28 February 2014

559. Briefly: Nudge Elastic Band in NWChem

I'm currently exploring a method called Nudge Elastic Band to find the minimum energy pathway in a reaction involving a large metal cluster. While the NWChem documentation isn't bad, it could be clearer for happy amateurs like myself, which is the impetus for this post.

As usual, this is how I understand it -- which may be wrong.

The NEB method is described here.


There are a number of ways of modelling reaction pathways computationally.

Brute force PES scan (g09 or nwchem)
The fastest, cheapest, least accurate one would be to make a simple Potential Energy Surface (PES) scan by keeping all coordinates frozen with the exception of the ones directly involved in a reaction
e.g. for Me-OH -> Me + OH you'd simply vary the C-O distance.

If you don't let the structures relax for each change in bond length you will overestimate the activation energy. If you do let the structures relax you run the risk of every single snapshot relaxing back to either pure methanol or pure Me and OH, rather than giving you a series of transitional energies.

Transition state search e.g. QST2 (g09)
A somewhat more sophisticated method is to try to identify a proper transition state (TS). You can do this by making a lucky guess and try to do a transition state optimisation. You can improve your chances by using e.g. QST2 (or QST3, which also uses a specific TS guess), which takes the product and the starting material and interpolates the coordinates to generate a transition state guess. This has worked pretty well for me for cases where a simple transition state is expected (i.e. a hydride transfer). You can then model the reaction path by doing an IRC calc.

Minimum energy pathway methods (chain-of-states) e.g. Nudge Elastic Band (nwchem)

A more sophisticated method is to use a chain-of-state method such as Nudge Elastic Band (NEB). There's a nice page about it here: http://theory.cm.utexas.edu/henkelman/research/saddle/

NEB generates a series of structures based on the starting point and the product. These are initially generated a simple interpolations between the coordinates of the starting point and the end point -- this is very similar to a brute for PES scan and gives an unnaturally high transition energy. However, the individual structures are then optimised in passes.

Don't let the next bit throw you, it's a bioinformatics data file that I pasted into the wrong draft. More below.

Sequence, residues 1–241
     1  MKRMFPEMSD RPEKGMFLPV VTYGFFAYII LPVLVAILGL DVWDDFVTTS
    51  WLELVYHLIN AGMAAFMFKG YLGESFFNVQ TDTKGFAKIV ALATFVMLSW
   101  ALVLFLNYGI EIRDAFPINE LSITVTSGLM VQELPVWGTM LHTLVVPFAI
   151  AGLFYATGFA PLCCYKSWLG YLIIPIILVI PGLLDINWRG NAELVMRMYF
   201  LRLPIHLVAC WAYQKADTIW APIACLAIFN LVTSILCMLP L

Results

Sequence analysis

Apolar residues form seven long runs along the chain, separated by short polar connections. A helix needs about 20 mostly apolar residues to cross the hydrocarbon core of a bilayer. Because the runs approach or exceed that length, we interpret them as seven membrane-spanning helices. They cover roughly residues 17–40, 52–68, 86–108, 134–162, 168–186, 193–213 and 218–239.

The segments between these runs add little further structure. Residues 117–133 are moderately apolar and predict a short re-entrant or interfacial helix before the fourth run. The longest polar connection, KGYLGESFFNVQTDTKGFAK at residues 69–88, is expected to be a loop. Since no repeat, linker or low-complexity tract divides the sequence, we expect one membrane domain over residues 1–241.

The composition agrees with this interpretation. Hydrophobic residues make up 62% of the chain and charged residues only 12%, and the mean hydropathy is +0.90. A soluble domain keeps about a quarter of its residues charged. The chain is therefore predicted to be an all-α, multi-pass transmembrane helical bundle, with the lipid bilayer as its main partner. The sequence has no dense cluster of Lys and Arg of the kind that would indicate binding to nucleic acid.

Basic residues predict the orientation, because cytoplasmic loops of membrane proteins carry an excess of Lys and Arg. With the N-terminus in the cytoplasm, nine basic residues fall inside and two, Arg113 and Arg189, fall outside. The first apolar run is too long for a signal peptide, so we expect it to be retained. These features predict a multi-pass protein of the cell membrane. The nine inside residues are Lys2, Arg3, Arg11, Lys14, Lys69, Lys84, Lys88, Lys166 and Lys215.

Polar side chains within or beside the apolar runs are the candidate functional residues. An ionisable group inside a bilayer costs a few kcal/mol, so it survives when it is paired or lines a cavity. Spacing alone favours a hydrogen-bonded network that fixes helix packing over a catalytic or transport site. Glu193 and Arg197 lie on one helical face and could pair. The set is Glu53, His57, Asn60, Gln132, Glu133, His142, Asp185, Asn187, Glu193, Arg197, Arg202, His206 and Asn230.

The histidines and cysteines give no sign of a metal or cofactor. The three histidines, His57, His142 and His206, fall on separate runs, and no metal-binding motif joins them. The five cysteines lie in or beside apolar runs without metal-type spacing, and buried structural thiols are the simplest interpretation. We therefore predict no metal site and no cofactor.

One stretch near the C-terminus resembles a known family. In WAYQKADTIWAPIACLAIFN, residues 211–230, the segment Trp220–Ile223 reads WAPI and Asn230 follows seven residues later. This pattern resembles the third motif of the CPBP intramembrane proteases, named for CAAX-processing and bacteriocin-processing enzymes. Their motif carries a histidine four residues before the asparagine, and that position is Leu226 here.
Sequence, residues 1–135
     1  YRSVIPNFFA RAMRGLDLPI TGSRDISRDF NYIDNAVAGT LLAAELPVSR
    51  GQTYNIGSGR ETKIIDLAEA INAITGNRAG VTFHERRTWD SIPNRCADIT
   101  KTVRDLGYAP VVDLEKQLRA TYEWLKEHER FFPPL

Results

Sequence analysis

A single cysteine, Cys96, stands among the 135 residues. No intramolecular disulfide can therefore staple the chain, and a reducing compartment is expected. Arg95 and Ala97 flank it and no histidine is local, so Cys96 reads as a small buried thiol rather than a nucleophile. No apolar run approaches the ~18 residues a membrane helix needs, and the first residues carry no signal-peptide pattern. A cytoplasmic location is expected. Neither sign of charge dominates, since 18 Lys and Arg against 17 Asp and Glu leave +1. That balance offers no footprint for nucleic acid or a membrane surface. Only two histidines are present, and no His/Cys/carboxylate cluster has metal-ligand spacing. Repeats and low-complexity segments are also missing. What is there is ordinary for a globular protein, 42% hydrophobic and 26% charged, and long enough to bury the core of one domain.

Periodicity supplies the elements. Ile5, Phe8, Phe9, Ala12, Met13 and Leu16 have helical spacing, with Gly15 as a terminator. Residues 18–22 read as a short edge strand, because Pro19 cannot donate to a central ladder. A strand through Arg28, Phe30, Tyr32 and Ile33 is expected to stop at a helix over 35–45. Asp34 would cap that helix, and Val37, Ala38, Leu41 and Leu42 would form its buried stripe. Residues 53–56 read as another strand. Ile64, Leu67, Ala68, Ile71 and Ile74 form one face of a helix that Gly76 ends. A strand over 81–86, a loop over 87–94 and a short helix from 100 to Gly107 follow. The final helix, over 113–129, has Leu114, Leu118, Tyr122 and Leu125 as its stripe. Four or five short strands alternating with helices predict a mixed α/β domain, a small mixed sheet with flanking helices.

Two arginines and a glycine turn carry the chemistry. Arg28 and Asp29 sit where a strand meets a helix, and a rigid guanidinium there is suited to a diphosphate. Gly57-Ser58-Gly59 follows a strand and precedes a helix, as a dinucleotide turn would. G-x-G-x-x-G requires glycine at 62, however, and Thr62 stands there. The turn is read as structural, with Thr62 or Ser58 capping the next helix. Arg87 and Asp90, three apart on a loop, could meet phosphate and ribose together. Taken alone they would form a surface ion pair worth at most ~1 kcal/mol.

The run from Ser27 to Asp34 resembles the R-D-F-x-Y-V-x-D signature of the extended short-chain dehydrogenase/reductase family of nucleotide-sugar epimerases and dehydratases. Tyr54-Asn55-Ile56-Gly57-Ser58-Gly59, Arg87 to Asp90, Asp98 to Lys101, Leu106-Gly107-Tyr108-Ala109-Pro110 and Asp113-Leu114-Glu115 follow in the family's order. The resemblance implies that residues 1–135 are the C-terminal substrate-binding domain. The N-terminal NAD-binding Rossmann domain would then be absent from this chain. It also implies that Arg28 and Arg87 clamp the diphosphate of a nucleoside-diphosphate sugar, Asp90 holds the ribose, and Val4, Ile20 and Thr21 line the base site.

10 passes. Structural convergence is not achieved.

Not clear? Well, here's a rough algorithm:

1. Generate a series of linearly interpolated structures (beads) based on the Starting Point (SP) and End Point (EP) structures. In the simplest case, for N structures, each structure n is SP+(n/N)*(EP-SP).

Now, typically you're more interested in structures in the middle than at the ends (i.e. to get better resolution for the transition) and that is manipulated using the spring constant, kbeads. See figure 3 in http://theory.cm.utexas.edu/henkelman/pubs/jonsson98_385.pdf for an example of varying the spring constant. 1.0 seems to be reasonably safe.

The number of structures is set by nbeads. Make sure to use a reasonable number so that you get enough resolution.

2.  Each structure thus generated is submitted to a single geometry optimisation step i.e. it's not optimised until convergence, but only takes a single step along the energy gradient. The speed at which it is decending along the energy gradient is set using the stepsize.

The largest possible stepsize will give the fastest descent (which is good), but too large a stepsize may cause issues due to the atoms being moved too far (which is bad) and in turn cause SCF convergence failures due to the structures becoming unreasonable. So try 1.0 and hope for the best.

Rule of thumb: if you decrease the stepsize by a factor of 10 from 1.0 to 0.1, you should increase maxiter by a factor of 10.

3. The energies of the new structures are calculated and a reaction profile is generated.

4. Repeat step 2 and 3 until structural convergence or maxiter steps.

5. If you're lucky your calculation will end due to structural convergence. If not, and if you want to restart your calculation you can read in the last set of structures using xyz_path.

But make sure that you do print the intermediate structures in the first place by using print_shift 1.

558. More options for PDF annotation: Master PDF Editor and I, Librarian